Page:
[1] A.Ohtake et al., submitted.
SS-TuP-9 Facets and Surfaces Observed on Si(5 5 12) Studied by using Ultra-High-Vacuum Scanning Tunneling Microscopy
Shi-Guang Zhao, Yuan Li, Yu-Bin Song, Yong-Zhe Zhu (Yanbian University, China); Jae M. Seo (Chonbuk National University, Republic of Korea); Shou Zhang, Zhen-Ping Guo (Yanbian University, China)
Si(5 5 12)-2×1 surface, which attracts much attention for one-dimensional (1-D) metal nanowire growth on the surface, usually appears wider area single domain with well ordered 1-D structure. In this work, phenomenon of the facets observed on the Si(5 5 12) surface is studied systemically by using ultra high vacuum scanning tunneling microscopy. On the well defined Si(5 5 12) surface, in addition to (1 1 3) facet and (6 9 17) facet, some components (and/or facets) can be observed on the surface as well, such as (7 7 17), (3 3 7), (1 1 2), (1 1 1)-5×5, (1 1 1)-7×7. It is considered that the surface orientations from Si(7 7 17) to (5 5 12), are stable and have almost the same surface free energy, i.e. it is weak anisotropic on the γ-plot. But the (3 3 7), (1 1 2), (1 1 1)-5×5, and (1 1 1)-7×7 facets are appeared to be confined delicately by the surface tensions and the driving force of the single domain growth of the stable surface and facet, which is accompanied by the process of the reconstruction of the surface. Acknowledgement: This work was supported by the National Natural Science Foundation of China (10964014 and 10864008).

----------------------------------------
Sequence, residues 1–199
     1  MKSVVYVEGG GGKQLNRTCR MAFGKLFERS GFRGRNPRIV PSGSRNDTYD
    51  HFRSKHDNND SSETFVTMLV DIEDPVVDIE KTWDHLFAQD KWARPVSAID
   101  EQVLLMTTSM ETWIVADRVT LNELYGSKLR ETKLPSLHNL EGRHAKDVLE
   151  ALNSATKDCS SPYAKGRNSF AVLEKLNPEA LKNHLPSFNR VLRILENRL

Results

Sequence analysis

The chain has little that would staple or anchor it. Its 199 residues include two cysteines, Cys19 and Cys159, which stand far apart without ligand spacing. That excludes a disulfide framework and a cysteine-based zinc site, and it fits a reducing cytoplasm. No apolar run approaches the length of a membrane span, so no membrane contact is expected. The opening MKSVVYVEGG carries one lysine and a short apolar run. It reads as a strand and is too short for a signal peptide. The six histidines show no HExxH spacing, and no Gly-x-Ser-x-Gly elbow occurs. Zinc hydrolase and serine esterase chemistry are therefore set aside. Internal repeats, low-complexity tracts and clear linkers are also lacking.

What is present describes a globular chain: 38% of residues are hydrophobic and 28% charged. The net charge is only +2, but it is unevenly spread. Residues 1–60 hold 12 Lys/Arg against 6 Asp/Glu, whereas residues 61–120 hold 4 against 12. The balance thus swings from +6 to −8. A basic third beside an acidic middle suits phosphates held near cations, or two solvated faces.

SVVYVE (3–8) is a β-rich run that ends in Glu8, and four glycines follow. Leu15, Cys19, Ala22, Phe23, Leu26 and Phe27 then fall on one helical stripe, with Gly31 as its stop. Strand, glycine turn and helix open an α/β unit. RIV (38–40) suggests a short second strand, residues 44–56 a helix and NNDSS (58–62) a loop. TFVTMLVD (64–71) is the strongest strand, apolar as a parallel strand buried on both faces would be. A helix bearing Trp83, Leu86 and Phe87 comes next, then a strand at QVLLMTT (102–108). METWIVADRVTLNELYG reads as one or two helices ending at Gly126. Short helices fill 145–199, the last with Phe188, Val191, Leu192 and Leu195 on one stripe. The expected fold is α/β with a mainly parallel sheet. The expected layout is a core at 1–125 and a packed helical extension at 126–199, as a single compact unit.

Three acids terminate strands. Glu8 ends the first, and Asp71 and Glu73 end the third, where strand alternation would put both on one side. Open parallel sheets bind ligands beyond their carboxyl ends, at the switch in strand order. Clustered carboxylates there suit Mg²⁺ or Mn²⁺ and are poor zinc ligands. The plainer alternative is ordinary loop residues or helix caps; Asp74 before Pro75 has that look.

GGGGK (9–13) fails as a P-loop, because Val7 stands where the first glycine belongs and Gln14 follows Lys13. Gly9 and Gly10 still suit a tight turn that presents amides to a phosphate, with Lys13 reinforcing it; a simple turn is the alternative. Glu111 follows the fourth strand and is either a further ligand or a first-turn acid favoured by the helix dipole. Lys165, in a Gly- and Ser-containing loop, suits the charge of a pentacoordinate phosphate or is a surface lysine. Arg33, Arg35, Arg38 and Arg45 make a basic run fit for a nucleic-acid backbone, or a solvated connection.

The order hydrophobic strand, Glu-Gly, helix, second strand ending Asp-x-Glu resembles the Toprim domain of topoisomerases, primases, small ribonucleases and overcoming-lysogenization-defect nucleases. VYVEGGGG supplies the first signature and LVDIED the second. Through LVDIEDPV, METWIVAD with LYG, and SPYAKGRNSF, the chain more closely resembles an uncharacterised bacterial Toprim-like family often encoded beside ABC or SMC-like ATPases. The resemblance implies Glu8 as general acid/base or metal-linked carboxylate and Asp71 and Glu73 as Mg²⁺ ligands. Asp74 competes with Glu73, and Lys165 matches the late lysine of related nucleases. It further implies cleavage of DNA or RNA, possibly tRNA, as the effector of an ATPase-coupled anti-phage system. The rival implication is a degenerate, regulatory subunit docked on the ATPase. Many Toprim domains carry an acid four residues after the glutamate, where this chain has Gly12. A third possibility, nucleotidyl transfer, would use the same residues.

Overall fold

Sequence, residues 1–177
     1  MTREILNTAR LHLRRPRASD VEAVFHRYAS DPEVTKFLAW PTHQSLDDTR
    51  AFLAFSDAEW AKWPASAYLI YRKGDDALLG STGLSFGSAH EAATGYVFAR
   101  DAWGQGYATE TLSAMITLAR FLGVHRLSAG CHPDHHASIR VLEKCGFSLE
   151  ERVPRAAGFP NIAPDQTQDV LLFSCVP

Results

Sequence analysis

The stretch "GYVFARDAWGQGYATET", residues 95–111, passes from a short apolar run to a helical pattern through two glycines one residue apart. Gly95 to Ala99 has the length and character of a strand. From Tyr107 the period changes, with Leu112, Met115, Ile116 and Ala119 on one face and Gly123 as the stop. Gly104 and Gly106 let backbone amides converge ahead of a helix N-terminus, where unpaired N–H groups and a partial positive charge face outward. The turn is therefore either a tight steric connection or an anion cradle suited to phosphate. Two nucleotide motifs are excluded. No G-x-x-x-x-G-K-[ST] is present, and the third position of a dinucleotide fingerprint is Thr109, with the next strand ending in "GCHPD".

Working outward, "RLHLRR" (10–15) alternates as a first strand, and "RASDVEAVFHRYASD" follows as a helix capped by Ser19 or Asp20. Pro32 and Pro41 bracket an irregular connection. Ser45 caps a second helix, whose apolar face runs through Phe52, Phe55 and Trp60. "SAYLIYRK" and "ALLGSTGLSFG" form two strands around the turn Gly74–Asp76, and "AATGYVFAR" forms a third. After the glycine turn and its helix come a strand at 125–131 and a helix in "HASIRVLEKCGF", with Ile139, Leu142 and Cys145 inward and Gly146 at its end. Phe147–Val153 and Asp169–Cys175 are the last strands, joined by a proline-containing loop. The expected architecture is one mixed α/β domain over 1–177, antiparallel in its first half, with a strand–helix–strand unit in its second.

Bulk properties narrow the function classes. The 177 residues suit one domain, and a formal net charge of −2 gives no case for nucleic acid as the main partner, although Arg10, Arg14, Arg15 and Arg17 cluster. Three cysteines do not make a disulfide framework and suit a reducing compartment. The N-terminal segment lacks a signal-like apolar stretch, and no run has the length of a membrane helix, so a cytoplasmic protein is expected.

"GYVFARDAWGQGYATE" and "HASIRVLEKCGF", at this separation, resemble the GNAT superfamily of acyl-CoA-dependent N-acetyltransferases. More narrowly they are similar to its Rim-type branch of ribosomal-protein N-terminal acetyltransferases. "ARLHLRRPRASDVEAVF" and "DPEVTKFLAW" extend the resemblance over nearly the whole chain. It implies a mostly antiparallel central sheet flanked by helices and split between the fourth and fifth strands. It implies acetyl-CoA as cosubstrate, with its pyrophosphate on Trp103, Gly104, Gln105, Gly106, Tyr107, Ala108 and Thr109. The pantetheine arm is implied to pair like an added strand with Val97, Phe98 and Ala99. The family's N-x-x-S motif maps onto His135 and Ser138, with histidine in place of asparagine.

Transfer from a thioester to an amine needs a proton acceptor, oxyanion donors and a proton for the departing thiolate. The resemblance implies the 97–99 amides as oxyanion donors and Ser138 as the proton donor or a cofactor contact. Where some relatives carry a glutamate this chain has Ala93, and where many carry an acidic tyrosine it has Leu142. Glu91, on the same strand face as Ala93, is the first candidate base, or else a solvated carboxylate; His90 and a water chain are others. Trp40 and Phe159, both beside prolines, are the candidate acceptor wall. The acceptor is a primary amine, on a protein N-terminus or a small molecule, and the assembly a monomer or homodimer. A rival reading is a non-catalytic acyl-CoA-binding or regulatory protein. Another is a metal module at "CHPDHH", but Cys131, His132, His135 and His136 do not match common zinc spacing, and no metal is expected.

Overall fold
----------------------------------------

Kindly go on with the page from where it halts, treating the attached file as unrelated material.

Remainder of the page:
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[7] Y.-Z. Zhu, H. Kim, J.-M. Seo, Phys. Rev. B., 73, 245319 (2006).
SS-TuP-10 Photoelectron Spectroscopy and Valence Band Studies of Non-Stoichiometric Superconducting FeSe1-xTex
Lázaro Huerta, Victor Ortíz (Universidad Nacional Autonoma de Mexico); Martin Flores (Universidad de Guadalajara, Mexico); Raúl Escamilla (Universidad Nacional Autonoma de Mexico)
Polycrystalline samples of Fe(Se1-xTex), with x = 0.0, 0.25, 0.50, 0.75 and 1.0, were synthesized by solid state reaction. The samples were characterized by x-ray diffraction (XRD), measurements magnetization vs. temperature and photoelectron spectroscopy (XPS). Results of x-ray diffraction shows that the effect of the substitution of Se by Te is increase the lattice parameters. Curves of magnetization vs. temperature shows superconductivity for x = 0.25, 0.5 and 0.75. Whereas, x-ray Photoelectron spectroscopy (XPS) identified the oxidation states of Fe 2p, Se 3d and Te 3d core levels associated with the chemical states Fe(Se1-xTex). Finally we compared the Valence Band obtained by XPS for each concentration of tellurium with the density of states electronic (DOS) reported.
SS-TuP-11 Photovoltaic Property of Cu2O/Cu/TiO2 Thin Films Prepared by Reactive Magnetron Sputtering
Yuki Suzuki, Ichiro Takano (Kogakuin University, Japan)